Economist Stephen Moore warns US could be headed toward a Great Depression

Economist Stephen Moore warned that the US is barrelling headlong toward a Great Depression if the economy isn’t revived by next month because of the damage caused by the coronavirus pandemic.

“At some point soon, we’re going to have to make some real decisions about what kind of a calamity we are causing through the lock-down of our economy. I’m not saying we should be inattentive to the public health concern…But at some point, we have to worry about what we’re doing to our society, and what kind of economy we’re going to have after this is all over,” Moore, who has advised President Trump on the economy, told host John Catsimatidis on his AM-970 radio show “The Cats Roundtable” in an interview that aired Sunday.

“If we go much past May 1, we are facing a potential Great Depression scenario,” Moore said.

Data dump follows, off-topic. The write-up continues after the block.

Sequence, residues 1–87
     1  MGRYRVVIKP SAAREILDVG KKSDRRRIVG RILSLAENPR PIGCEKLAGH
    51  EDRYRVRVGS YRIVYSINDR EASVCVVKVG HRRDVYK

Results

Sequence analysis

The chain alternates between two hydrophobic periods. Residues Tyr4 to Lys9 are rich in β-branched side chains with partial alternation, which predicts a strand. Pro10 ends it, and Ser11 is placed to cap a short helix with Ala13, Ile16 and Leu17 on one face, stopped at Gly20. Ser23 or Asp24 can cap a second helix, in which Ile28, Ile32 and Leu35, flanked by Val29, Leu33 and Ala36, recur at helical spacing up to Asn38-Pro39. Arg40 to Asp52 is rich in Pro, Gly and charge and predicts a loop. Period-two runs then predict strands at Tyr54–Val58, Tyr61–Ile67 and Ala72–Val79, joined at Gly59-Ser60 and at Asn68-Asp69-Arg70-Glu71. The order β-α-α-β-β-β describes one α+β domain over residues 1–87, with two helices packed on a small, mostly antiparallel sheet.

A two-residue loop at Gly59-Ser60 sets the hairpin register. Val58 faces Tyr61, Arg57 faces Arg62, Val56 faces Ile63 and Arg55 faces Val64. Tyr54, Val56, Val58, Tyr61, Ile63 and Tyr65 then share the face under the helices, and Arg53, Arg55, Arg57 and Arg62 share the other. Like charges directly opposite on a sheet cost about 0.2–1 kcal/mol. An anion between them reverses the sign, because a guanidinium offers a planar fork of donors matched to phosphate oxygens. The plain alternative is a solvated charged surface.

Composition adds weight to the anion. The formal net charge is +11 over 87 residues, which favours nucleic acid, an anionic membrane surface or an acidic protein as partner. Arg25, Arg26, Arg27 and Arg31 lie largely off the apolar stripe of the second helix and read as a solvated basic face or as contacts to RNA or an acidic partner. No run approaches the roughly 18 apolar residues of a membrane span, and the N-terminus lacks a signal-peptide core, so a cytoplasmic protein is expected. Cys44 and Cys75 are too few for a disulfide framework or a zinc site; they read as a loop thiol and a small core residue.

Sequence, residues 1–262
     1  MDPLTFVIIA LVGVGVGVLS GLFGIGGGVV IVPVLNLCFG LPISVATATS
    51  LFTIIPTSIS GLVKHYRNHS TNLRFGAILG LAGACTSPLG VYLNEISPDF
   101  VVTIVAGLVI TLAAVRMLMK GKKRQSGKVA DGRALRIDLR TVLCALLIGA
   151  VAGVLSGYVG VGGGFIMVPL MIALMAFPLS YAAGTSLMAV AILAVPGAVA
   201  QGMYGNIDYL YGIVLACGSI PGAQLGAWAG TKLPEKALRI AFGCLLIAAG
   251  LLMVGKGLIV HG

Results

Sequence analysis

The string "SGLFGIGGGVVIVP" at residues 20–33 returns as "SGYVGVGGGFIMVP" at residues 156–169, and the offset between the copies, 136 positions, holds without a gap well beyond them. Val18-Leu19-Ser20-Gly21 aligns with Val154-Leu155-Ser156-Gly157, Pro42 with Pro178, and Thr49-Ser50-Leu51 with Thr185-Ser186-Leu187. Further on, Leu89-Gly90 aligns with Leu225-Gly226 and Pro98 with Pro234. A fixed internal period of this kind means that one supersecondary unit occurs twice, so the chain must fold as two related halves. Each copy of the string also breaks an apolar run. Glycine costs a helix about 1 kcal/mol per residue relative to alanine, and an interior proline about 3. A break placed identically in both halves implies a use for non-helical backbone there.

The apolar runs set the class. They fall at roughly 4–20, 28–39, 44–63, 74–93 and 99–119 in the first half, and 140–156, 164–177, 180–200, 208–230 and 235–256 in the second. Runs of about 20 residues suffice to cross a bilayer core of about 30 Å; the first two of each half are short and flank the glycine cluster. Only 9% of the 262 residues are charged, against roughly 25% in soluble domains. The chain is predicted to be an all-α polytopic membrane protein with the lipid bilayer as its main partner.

Wall Street markets plummeted on Friday after the feds released the March jobs report that showed the US economy lost 701,000 jobs last month, ending a nine-year hiring streak.

Moore said the country’s unemployment rate could get worse as the coronavirus spreads, rising as high as 23 percent.

The rate hit 24.9 percent in 1933 during the Great Depression.

The president during a White House coronavirus task force briefing Saturday said hard decisions must be made on the economy.

“Because you know, at a certain point, you’ll lose more people this way through all of the problems caused, than you will with what we’re doing right now,” Trump said of the stay-at-home orders issued by governors across the country.

“What we’re doing right now, I think is going to be very successful, but you know what? I don’t know. We have a big decision to make at a certain point. OK? We have a big decision to make. We went this extra period of time, but I said it from the beginning, the cure cannot be worse than the problem itself.”

“We have to open our country again,” Trump continued. “We don’t want to be doing this for months and months and months.”

Trump had called for opening up the economy by April 12, Easter Sunday, but reversed himself and extended the restrictions until April 30.

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